When my twin daughters neared sixteen years old, I forced driving on them. I love to drive. I was baffled to discover how many of their friends were seventeen or eighteen before bothering to get around to the driver’s test. To me, driving was up there with the Statue of Liberty and the right to vote. If you’re an American, you just do it.
Driving lessons had literal fits and starts. I insisted they learn to drive a manual transmission because all the best cars are stick-shift. After some screaming, cursing and whiplash, they learned. They have yet to thank me, but I know they think it in their hearts.
I attempted to teach them how to drive on ice, mostly because I wanted an excuse to throw my truck into a skid. Sliding sideways as I chatted, we hit a dry patch and rolled the truck onto two wheels, where it balanced for a long moment before landing mercifully on four wheels. I suppose they learned how to drive in the snow.
I first drove at the age of five, when I kicked the family station wagon into neutral and rolled down a hill into cross traffic. But I was thirteen before I actually swiped a set of car keys and drove.
I was so eager to drive that I didn’t see the dark intentions of Mr. Mendenhall when he offered to let me drive his long, floppy Impala. The lanky man who lived around the corner encouraged me to sit on his lap and take the wheel. Soon I had the Chevy bouncing like a motorboat over country gravel at sixty miles per hour, a spiral of dust in my wake.
He had other lessons he wanted to teach me out there in the middle of nowhere. I didn’t feel in danger. He accepted no. I didn’t even condemn his advances. I just wanted to drive his car.
I remember vividly the thrill and smell of driving fast, but it was many years before the rest of my memories of Mr. Mendenhall slithered out of the dark.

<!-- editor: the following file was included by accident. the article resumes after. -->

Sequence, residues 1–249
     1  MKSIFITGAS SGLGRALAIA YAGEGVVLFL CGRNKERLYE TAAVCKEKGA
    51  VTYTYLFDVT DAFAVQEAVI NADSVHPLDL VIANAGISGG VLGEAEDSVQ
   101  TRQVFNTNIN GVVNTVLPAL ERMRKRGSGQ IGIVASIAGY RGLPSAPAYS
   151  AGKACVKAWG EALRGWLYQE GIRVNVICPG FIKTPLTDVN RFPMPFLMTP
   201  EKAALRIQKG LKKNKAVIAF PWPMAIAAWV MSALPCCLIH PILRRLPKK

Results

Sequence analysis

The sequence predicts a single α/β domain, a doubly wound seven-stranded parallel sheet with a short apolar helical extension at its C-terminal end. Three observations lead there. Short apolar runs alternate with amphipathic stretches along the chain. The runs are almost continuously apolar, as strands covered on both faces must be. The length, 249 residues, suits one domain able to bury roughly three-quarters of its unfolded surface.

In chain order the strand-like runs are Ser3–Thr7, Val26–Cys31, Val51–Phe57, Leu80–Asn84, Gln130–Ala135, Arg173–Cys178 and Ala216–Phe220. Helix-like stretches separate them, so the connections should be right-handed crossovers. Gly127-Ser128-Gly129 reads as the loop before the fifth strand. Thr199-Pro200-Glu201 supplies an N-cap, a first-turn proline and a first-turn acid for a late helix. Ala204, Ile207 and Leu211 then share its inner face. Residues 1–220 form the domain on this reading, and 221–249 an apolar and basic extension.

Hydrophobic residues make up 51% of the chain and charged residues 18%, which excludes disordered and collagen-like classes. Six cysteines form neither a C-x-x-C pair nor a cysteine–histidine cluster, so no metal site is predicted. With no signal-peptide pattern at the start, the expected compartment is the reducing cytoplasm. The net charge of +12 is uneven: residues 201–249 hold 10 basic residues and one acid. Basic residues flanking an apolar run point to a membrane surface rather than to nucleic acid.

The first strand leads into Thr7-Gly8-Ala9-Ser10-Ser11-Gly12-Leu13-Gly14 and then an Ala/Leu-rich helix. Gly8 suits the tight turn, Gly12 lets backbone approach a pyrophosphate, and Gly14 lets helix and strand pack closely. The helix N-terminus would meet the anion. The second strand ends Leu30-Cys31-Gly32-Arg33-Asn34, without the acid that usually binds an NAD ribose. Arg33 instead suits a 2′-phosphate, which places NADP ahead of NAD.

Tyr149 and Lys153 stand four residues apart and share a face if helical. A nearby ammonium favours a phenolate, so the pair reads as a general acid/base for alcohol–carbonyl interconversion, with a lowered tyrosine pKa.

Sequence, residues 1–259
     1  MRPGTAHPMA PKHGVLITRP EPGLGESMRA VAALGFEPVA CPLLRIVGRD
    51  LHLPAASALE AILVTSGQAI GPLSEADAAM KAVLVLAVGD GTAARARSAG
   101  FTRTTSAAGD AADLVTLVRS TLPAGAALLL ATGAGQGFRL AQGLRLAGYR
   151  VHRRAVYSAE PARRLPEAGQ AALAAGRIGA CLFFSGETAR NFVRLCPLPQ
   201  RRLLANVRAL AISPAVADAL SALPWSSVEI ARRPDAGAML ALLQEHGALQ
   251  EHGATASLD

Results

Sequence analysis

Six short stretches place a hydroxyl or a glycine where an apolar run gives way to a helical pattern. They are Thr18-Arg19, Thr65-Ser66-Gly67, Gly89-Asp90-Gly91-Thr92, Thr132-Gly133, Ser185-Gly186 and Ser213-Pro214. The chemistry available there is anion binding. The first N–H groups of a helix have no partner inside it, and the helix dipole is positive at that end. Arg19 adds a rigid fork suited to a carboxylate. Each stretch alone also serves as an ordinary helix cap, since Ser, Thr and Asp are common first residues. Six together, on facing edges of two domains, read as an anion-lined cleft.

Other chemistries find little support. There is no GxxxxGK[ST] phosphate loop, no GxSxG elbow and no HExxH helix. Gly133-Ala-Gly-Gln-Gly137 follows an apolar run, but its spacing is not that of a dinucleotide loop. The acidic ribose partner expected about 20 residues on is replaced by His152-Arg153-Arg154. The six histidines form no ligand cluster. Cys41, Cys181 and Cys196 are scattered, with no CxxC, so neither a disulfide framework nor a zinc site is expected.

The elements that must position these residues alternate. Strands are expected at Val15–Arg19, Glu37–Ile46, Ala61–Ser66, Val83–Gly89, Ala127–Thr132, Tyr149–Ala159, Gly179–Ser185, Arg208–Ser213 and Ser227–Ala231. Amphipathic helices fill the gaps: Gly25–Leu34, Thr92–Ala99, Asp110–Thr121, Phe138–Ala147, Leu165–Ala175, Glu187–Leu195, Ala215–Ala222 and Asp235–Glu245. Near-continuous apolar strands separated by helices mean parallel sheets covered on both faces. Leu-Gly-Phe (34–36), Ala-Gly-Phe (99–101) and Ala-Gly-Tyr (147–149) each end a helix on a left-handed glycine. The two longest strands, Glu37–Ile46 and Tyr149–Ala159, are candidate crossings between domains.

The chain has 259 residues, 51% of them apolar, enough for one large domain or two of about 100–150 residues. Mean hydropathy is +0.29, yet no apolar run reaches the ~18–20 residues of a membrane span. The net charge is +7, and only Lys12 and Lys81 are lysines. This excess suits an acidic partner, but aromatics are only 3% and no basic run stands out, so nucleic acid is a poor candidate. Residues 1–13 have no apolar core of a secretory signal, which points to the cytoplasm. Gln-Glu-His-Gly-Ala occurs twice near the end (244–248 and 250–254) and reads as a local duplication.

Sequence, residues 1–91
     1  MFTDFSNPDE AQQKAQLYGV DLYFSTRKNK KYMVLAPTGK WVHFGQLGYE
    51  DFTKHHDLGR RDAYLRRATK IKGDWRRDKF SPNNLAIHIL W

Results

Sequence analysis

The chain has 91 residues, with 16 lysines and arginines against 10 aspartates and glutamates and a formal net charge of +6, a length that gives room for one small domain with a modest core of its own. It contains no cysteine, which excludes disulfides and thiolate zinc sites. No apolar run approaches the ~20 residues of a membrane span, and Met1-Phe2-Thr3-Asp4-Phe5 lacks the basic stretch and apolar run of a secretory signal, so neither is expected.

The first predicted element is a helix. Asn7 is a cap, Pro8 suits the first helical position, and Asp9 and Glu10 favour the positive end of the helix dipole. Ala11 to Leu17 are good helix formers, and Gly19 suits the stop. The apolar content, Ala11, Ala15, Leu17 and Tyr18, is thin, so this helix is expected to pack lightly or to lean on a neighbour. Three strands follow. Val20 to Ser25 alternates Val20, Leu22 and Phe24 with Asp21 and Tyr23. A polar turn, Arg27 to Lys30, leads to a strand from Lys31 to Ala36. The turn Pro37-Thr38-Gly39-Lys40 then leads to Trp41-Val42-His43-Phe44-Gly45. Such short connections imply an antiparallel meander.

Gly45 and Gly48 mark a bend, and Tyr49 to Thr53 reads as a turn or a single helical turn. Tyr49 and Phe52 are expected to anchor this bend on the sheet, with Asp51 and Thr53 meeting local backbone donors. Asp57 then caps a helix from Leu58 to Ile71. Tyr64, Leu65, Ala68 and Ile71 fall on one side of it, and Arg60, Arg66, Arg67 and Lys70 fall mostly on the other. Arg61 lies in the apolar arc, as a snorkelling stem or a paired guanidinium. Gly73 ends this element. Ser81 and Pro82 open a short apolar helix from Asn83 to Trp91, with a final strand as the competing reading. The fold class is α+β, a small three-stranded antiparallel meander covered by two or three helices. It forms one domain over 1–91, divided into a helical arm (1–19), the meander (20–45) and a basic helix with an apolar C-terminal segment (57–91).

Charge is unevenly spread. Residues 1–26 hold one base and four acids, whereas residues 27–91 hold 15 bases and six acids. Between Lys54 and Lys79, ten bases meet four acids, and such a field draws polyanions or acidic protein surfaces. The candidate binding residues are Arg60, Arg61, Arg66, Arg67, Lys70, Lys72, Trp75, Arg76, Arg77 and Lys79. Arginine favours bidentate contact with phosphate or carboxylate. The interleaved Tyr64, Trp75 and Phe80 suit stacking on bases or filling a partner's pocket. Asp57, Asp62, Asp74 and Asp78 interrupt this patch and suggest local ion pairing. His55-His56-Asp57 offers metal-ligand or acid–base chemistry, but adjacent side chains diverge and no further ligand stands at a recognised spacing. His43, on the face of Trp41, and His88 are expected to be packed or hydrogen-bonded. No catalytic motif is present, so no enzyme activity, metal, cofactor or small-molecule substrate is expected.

At fourteen, I got a job clearing tables at a restaurant, and a sweet waitress named Nancy gave me rides home. It wasn’t hard to convince her to let me drive. A mid-size car back then is an aircraft carrier today. Her car was long, silver and clean, with a chrome shifter on the steering column. We stopped in the parking lot once and I slid across the squeaky vinyl bench seat. We tried to kiss. No talk, no schmoozing — we just started kissing. Her tongue poked through her tiny round pucker like a worm out of an apple. I nearly jumped out the window. I expected her to laugh at me, but her eyes were as nervous and disoriented as mine, and I figured she did it because she thought she was supposed to. That’s pretty much how I felt too. I dared to touch her breast through the deep, scratchy weave of her polyester waitress uniform. It was never spoken of again.
I got my driver’s license about ten seconds after I turned sixteen. Prom was coming up and my dad’s frumpy Datsun sedan (pictured above, right) wouldn’t do, so my friend Odee loaned me his gleaming, forest green Dodge Scamp. We buffed it to a spotless gloss, a boy’s way of primping for a date. Odee sprayed the front seat with Armor-All to make it slick so that every time I turned right my date would slide into me. I wasn’t sure what I was supposed to do with that. I couldn’t drive in circles all the way to the prom, and she wouldn’t appreciate getting all dressed up just to go on an arcade ride.
Odee had as much experience at romance as I. My date managed to stay in her seat just fine, and although we did park a while and talk after the dance. After about twenty minutes, Odee’s 500-watt stereo drained the battery dead, and we had to hike down the highway for help, she in her frilly white prom dress, I in my mint green tuxedo.
My dad made me drive off a highway at 60 miles-per-hour onto the gravel shoulder so I would know how it feels if it happened in real life. I’m grateful he didn’t think I needed practice driving off a cliff. I passed that lesson on, in my own way. My girls know how it feels to skid sideways on the ice in a top-heavy SUV. And when I bought them their first car, I put jumper cables in the trunk.